Building C# Projects with NAnt

NAnt is a cross platform, open source, build tool for use with Mono or .NET. You can use it for automating builds, automating unit testing runs, or for version control. NAnt has no built in GUI interface, nor will it write your unit tests for you. Instead, it provides a powerful means of scripting these tasks so that they are performed automatically with a single command. With NAnt, it is easy to write scripts that work unchanged on both Linux and Windows.

There is a direct parallel between NAnt and the make or nmake tools used by C/C++ developers. The primary advantage that NAnt has over make is that it is written in C# and is designed for use with .NET and Mono. A secondary advantage is that it provides many tools that make it easier to create cross-platform code. For instance, NAnt has custom classes for copying files, deleting files, unzipping files, retrieving data over an HTTP connection, etc. Each of these tasks are written in C# code that works wherever the .NET platform has been implemented. In practice, this means it works on Linux and Windows.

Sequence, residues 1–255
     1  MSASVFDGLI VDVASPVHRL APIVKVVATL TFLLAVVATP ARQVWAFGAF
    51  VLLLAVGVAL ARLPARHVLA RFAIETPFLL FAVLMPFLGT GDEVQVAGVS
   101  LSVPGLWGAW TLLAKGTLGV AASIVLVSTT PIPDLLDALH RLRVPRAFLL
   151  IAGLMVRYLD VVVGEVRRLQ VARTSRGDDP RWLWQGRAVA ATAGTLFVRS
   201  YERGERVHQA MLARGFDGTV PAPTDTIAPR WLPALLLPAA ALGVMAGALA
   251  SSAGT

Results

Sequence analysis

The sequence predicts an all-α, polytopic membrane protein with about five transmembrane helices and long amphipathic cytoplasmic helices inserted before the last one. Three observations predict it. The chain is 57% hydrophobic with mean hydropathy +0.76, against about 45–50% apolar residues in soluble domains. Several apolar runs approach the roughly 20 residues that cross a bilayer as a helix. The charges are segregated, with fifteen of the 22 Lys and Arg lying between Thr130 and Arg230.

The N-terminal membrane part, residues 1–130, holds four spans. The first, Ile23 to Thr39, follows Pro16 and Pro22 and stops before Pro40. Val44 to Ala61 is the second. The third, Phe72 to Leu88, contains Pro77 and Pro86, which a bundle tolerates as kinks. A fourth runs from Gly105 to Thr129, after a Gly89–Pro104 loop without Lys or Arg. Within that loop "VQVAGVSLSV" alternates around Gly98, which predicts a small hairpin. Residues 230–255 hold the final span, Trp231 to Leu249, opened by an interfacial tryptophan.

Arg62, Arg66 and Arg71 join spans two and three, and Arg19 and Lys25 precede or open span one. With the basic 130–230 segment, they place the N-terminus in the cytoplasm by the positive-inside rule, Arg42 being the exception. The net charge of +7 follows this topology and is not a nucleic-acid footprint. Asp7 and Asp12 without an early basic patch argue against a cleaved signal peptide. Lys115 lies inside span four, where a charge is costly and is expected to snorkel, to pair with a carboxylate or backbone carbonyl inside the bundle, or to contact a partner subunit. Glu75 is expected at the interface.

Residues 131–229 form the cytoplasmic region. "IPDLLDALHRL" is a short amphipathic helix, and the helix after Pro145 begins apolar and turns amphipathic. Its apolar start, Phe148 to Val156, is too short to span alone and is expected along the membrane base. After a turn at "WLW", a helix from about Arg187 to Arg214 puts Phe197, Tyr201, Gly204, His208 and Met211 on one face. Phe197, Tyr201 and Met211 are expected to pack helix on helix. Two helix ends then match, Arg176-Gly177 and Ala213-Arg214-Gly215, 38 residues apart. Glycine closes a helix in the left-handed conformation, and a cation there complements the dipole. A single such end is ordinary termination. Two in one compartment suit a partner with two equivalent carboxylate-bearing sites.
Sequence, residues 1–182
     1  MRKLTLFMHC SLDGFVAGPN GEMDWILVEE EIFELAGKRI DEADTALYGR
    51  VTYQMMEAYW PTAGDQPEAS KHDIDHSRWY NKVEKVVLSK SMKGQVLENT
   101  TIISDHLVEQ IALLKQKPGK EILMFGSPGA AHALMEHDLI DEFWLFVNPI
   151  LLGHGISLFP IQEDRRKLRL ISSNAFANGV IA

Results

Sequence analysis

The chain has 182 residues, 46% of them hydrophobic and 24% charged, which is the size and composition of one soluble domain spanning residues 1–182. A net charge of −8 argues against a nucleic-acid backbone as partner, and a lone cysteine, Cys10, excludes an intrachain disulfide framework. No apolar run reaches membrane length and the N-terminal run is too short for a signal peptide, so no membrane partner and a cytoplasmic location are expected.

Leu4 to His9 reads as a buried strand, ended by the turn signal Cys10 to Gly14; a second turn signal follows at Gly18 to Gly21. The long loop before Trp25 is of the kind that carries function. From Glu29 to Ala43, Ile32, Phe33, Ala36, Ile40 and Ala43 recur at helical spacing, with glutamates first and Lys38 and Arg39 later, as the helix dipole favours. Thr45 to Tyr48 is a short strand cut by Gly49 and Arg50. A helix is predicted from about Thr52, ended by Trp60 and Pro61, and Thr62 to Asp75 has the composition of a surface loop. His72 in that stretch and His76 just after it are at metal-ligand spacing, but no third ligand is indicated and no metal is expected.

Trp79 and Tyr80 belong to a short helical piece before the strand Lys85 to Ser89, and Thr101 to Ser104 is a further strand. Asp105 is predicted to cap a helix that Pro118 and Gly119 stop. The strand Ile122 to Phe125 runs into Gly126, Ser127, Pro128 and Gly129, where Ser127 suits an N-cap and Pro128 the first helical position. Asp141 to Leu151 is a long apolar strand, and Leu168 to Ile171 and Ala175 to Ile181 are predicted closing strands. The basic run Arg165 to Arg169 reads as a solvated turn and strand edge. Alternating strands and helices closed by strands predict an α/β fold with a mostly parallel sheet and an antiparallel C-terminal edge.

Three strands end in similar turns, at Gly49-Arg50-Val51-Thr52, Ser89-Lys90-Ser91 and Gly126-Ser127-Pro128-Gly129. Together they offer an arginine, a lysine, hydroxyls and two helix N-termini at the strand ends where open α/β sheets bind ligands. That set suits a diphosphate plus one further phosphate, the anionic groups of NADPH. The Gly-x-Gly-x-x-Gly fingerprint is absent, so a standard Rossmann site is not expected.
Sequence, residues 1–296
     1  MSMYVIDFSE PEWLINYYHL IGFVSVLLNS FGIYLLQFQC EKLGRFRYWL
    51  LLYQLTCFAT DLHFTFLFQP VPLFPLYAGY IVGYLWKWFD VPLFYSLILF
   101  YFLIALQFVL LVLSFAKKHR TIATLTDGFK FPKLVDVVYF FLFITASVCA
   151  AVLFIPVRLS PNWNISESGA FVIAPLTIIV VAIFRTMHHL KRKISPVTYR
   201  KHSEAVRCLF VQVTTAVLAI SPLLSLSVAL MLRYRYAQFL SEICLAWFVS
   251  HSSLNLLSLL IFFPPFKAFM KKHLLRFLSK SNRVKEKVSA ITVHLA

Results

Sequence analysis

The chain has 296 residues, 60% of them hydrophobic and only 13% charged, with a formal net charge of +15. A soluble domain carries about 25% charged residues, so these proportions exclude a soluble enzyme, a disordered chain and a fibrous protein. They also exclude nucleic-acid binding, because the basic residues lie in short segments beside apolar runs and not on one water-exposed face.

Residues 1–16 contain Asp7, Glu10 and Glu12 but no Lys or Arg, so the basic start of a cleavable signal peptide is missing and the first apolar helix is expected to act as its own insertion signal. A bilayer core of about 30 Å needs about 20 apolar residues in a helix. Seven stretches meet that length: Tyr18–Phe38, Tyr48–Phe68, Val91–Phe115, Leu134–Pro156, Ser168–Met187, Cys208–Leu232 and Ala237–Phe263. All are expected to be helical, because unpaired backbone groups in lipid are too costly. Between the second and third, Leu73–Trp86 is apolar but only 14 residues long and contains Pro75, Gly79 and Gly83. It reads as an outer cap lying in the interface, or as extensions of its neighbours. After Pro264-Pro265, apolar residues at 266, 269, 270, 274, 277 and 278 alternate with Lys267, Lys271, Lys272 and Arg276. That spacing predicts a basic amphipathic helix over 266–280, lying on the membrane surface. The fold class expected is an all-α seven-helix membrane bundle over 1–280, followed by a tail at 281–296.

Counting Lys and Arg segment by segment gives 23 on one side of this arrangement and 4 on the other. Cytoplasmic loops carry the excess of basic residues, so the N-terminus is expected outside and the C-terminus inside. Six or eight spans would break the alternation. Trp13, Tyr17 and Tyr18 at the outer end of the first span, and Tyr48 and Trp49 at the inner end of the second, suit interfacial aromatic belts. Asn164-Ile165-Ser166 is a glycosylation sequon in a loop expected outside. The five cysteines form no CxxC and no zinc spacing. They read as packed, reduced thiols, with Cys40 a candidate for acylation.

If you are familiar with the Java tool from the Apache foundation called Ant, then you already understand most of what you need to know about NAnt. The primary reason for creating NAnt was simply to have a version of Ant that was optimized to work with .NET.

NOTE: There is no direct parallel in the Delphi IDE to NAnt, though if you have used batch files to create scripts for building your Delphi projects, then you have engaged in the kind of tasks that NAnt automates. There is a stable verion of Ant for Delphi called Want.

If you have been using Visual Studio or Delphi and found that the IDE was not powerful enough to perform your build tasks, then you have an obvious need for a tool like NAnt. In general, there is no build task, no matter how complex, that NAnt can’t be configured to run.For instance, NAnt makes it relatively easy to build multiple assemblies in a particular order and to copy the results to any location on a local or remote machine.